Copyright © 2016 - 2023, The Troy Press
Copyright © 2016 - 2023, The Troy Press
Here's our original reporting on the SARS-CoV-2 virus and the Covid-19 disease it causes. All our work is based on primary sources such as the Center for Disease Control (CDC), New England Journal of Medicine (NEJM), Johns Hopkins, the World Health Organization (WHO) and so forth, and we always cite our sources, usually with links.
Additionally, unhappy with what we find in the press, and unhappy at the difficulty in obtaining some useful information, we've performed some of our own calculations and here make the results available to you. We always explain our methods and provide links to our sources of data.
We are very concerned about premature let-up of the lock-down across the USA, so we're doing something about it! What we're doing is trying to show the effects of public policy on human lives by showing the data, by date so we can actually better know what's really going on. Good data should drive public policy! So, here's some good data we haven't found anywhere else.
First, scale matters. The vast majority of sites we've seen with Covid-19 related data don't graph the data very well and don't seem to understand that the details of how data is scaled determines how useful a graph can be. Read more about scaling here.
Second, choice of what data to show matters. Most charts we see are boring because they aren't showing you the information that's really going to be helpful. Often, more than one type of data needs to be presented on the same chart to foster better understanding.
Third, over-processing data often ruins the data. Places that insist that lines must be smoothed out to stop the inherent jumpiness are in essence insisting on lying to their viewers. Instead, we think that seeing natural patterns is a part of what makes science interesting - such as picking up on the fact that nearly half of all health-care outlets don't do reporting on Sundays! So, the data jumps.
Fourth, we present data nobody else does, and we think it's very helpful data, simple though it may be. With our data you can see the changes in infection rates over time, which basically shows whether lockdown is helping or not. (And, of course it does!) Our work both quantifies and visualizes the effect lock-downs have had or are having.
Because we're an under-staffed volunteer organization, we know we can't support this into the future without appropriate automation. So, we wrote four automation tools to help keep the data up to date automatically and keep the quality high. You can read about our computer work here. It was a lot of work, but now we're hoping to use these tools to cover yet more states and perhaps even some other countries.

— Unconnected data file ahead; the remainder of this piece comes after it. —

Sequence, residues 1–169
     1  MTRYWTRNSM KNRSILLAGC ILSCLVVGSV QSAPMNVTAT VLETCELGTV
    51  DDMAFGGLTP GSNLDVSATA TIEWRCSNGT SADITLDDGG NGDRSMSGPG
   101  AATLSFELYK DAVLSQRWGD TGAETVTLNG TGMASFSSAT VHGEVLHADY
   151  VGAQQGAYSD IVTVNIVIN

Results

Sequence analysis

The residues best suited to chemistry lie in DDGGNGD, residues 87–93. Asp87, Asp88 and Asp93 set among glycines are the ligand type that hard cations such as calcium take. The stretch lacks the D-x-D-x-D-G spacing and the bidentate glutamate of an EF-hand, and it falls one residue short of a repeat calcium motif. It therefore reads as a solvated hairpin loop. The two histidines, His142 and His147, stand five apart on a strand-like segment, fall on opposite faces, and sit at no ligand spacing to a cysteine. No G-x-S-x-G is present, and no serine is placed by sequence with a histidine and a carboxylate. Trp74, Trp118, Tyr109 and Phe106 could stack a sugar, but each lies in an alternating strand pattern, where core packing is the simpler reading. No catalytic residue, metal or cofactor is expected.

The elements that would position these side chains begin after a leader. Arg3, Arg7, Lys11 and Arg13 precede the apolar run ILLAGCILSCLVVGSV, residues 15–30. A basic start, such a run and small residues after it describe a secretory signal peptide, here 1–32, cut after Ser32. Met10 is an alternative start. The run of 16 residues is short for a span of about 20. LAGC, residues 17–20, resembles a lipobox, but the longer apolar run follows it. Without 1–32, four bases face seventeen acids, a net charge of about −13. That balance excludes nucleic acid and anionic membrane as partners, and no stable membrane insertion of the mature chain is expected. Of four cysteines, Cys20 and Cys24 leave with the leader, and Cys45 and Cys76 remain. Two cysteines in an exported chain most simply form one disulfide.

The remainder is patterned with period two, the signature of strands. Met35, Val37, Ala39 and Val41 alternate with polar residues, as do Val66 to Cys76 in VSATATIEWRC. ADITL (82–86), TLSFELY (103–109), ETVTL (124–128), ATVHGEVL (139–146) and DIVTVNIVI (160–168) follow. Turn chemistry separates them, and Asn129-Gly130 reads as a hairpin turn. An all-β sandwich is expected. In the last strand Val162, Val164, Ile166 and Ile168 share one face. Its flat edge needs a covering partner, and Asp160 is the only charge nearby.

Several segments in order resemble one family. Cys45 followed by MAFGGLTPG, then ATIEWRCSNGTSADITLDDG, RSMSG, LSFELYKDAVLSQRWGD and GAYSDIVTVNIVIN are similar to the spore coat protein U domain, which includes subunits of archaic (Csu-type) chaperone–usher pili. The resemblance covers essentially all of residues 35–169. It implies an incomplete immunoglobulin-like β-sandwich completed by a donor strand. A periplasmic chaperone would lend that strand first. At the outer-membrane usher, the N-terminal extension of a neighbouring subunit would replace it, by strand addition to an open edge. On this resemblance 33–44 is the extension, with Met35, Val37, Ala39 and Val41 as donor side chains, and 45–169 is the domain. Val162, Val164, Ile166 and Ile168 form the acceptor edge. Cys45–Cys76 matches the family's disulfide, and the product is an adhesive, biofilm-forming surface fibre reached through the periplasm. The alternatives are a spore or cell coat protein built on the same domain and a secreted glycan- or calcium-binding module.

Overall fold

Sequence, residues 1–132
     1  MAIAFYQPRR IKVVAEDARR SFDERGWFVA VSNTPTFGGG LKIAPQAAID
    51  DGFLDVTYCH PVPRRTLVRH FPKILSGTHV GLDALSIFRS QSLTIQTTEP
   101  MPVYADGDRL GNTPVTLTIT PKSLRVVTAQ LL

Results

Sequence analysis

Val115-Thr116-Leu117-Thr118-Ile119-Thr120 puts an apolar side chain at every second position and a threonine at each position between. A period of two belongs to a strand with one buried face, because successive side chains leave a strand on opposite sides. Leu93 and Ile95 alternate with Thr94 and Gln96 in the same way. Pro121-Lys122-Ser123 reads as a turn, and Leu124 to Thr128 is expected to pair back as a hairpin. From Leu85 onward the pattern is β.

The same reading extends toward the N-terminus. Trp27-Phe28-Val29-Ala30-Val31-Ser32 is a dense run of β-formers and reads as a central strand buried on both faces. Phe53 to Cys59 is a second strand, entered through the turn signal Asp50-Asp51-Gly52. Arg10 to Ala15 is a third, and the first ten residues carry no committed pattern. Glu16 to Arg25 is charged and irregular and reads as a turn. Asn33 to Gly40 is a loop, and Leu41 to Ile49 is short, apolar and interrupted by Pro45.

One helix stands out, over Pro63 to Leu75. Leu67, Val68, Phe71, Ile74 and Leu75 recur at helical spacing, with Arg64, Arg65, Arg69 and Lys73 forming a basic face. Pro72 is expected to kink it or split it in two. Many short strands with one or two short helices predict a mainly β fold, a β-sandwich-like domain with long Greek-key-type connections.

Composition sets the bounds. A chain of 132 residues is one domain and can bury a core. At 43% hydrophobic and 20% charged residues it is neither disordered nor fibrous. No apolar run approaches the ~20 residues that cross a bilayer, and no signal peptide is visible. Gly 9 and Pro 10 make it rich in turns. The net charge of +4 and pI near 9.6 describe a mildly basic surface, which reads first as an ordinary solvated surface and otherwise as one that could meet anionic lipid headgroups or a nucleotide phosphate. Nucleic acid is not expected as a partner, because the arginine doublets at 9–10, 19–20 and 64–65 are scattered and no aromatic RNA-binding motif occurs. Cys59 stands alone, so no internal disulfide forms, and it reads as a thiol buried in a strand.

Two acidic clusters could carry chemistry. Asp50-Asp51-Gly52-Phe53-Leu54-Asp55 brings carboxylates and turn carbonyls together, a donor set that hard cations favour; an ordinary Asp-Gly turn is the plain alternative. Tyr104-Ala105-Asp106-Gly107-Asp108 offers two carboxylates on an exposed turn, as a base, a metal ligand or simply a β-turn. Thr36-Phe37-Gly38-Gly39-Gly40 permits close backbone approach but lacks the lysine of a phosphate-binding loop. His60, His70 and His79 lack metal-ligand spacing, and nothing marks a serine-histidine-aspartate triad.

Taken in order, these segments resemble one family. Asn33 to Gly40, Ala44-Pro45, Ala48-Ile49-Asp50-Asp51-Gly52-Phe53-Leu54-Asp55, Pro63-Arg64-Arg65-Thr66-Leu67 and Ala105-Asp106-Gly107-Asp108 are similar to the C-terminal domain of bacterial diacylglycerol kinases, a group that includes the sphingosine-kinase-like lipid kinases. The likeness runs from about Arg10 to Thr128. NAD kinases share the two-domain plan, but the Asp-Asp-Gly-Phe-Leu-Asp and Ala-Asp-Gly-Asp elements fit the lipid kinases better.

We invite you to contact us and tell us what you think, ask questions, and if you want to donate, click here. You can mail us and we've put a comment section below.
Our hand-made graphs are easier to read, but time-consuming to make, while our graphs made via automation are likely more up-to-date but harder to read becasue the automation software isn't as capable as the tools we use by hand.
See the graphs that change daily
with discussion of their meaning.
See Our Data-Processing Page, with annotations and discussion.
CSV Format: These are smply "flat files" in the Comma Separated Value format. Note that the data is not perfect, so we explain the issues, how we have created these, our sources and techniques, etc, on this page. There, we also describe data we provide that nobody else does, that we know of.
First, we're concerned about the exit-from-lockdown and want to show how this is changing things via changes in the numbers. So, we've added ten states we hope are representatiave of the best and worst and also among the more interesting. As of this writing the data is all available on the site but the web pages that will present it aren't ready - still a lot of work to go, so we've made the auto-generated graphs available here and we've put the Comma Separated Value data here. We hope the file titles we've used make sense to you so you can choose from among these - let us know what you think in the comments below!
The last step is now underway; changing our web pages so that many of these graphs are ready for visualization by you, the public. Open the same graphs for different locations in different browser windows and compare! Again, let us know what you think in the comments below, or via email, etc.
Do let us know what you think or even make requests or ask questions! Please either comment below, email us, or perhaps donate to our cause.